Quantitative strategist Savita Subramanian of Merrill Lynch is out this morning with an interesting report on the performance of equity managers.
According to Savita, only 1 of 5 active equity managers are outperforming their benchmark so far in 2010 (full disclosure: yours truly is lagging the S&P modestly YTD). There have been a couple of problems.
First, as some of my previous posts have mentioned, there has been a very high correlation between stock price movements. This has meant that fundamental analysis has not really been able to add much value, since stocks have all moved in the same direction.
This has meant that the bulk of outperformance for a manager has been based on the "beta trade". That is, if you're quick to jump on lower quality, more volatile stocks when prices are moving higher, you have the chance to outperform - but you also have to be smart enough to reduce beta before the market tumbles. Most managers are not "wired" to do this (including, again, moi).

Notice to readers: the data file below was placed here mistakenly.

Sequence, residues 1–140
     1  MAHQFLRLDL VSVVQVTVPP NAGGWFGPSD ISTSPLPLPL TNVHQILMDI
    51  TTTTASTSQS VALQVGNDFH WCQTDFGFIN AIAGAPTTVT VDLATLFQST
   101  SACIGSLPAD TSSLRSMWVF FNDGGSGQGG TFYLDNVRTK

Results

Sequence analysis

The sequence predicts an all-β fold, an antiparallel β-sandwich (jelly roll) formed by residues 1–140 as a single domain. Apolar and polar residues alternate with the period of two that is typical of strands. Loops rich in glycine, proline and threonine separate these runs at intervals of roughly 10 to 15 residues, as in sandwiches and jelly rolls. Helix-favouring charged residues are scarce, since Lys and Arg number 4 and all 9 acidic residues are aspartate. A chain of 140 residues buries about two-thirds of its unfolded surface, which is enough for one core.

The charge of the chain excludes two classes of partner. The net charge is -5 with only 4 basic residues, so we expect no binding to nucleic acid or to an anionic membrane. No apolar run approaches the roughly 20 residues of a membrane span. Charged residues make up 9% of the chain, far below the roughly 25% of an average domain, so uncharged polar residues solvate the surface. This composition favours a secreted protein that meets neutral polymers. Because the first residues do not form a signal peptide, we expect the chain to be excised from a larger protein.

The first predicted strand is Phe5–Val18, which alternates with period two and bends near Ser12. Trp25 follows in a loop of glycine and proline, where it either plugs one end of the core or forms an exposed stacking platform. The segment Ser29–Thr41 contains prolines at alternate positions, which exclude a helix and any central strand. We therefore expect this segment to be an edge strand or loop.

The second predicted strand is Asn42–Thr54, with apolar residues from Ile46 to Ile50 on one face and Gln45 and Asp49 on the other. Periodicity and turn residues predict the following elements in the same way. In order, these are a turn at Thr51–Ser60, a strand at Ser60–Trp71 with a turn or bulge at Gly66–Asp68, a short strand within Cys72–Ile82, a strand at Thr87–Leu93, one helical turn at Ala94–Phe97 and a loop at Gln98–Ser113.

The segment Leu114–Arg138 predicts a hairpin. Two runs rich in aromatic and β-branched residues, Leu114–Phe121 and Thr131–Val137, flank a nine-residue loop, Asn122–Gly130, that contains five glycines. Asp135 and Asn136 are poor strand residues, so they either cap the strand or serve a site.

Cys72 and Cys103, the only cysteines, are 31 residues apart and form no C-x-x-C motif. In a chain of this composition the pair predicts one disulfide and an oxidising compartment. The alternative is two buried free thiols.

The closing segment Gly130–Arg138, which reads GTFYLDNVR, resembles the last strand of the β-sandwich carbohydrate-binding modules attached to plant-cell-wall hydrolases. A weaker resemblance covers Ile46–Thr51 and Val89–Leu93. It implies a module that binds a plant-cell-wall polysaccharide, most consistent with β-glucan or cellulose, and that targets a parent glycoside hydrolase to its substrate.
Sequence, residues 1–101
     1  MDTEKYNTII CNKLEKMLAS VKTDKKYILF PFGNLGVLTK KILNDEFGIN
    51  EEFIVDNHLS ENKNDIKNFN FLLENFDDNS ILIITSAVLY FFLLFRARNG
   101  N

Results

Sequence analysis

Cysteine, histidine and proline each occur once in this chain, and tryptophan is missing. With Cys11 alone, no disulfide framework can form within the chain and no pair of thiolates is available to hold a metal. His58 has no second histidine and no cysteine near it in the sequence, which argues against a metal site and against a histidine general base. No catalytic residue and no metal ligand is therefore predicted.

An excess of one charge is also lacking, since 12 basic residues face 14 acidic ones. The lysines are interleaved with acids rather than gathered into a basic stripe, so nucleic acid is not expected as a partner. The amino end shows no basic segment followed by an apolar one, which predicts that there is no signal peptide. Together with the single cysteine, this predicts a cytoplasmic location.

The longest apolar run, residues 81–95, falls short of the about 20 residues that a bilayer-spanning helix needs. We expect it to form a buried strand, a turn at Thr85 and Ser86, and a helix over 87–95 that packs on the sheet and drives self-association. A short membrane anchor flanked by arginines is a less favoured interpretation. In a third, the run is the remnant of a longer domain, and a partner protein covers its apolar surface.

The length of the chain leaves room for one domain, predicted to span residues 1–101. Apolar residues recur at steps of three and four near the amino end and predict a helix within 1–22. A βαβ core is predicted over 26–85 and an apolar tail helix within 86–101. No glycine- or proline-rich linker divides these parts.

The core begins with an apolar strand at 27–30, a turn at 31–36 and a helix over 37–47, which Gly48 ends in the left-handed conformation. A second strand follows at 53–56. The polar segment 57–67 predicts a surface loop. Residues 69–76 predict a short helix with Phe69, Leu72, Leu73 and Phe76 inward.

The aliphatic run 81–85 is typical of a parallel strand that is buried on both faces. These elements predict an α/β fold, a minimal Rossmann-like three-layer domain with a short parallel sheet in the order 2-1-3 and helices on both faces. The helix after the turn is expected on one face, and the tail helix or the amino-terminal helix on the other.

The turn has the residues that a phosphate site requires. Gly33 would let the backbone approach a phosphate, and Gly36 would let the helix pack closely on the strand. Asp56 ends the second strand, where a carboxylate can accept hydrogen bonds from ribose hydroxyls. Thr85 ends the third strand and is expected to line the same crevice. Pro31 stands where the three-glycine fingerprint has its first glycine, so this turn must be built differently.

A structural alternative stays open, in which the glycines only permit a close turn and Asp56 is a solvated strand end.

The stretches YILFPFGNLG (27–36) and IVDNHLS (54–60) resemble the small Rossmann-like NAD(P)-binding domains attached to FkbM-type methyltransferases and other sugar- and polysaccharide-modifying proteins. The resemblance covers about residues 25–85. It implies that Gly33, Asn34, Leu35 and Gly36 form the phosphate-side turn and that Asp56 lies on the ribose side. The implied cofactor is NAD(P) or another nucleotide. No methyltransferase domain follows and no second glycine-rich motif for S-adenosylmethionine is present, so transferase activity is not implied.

The second issue with the market indices, according to Savita, has been the fact that low priced stocks have been driving benchmark returns. Her work indicates that:
Roughly a quarter of the value benchmark returns have been contributed by the lowest priced stocks, a disproportionate amount given that these companies represent only about a tenth of the benchmark by weight.
There's some good news for me and my fellow equity mangers, however. Savita continues:
Generally periods like today are followed by markets during which stock selection strategies outperform. The last time correlations were as high and spreads as low was in 1987, and the subsequent years saw fundamentally based stock selection strategies outperform. In particular, stocks with attractive valuation by earnings and cash flow led by a wide margin. This bodes well for active managers in 2011 and we are already starting to see active managers turn around.
10994141.pdf (application/pdf Object)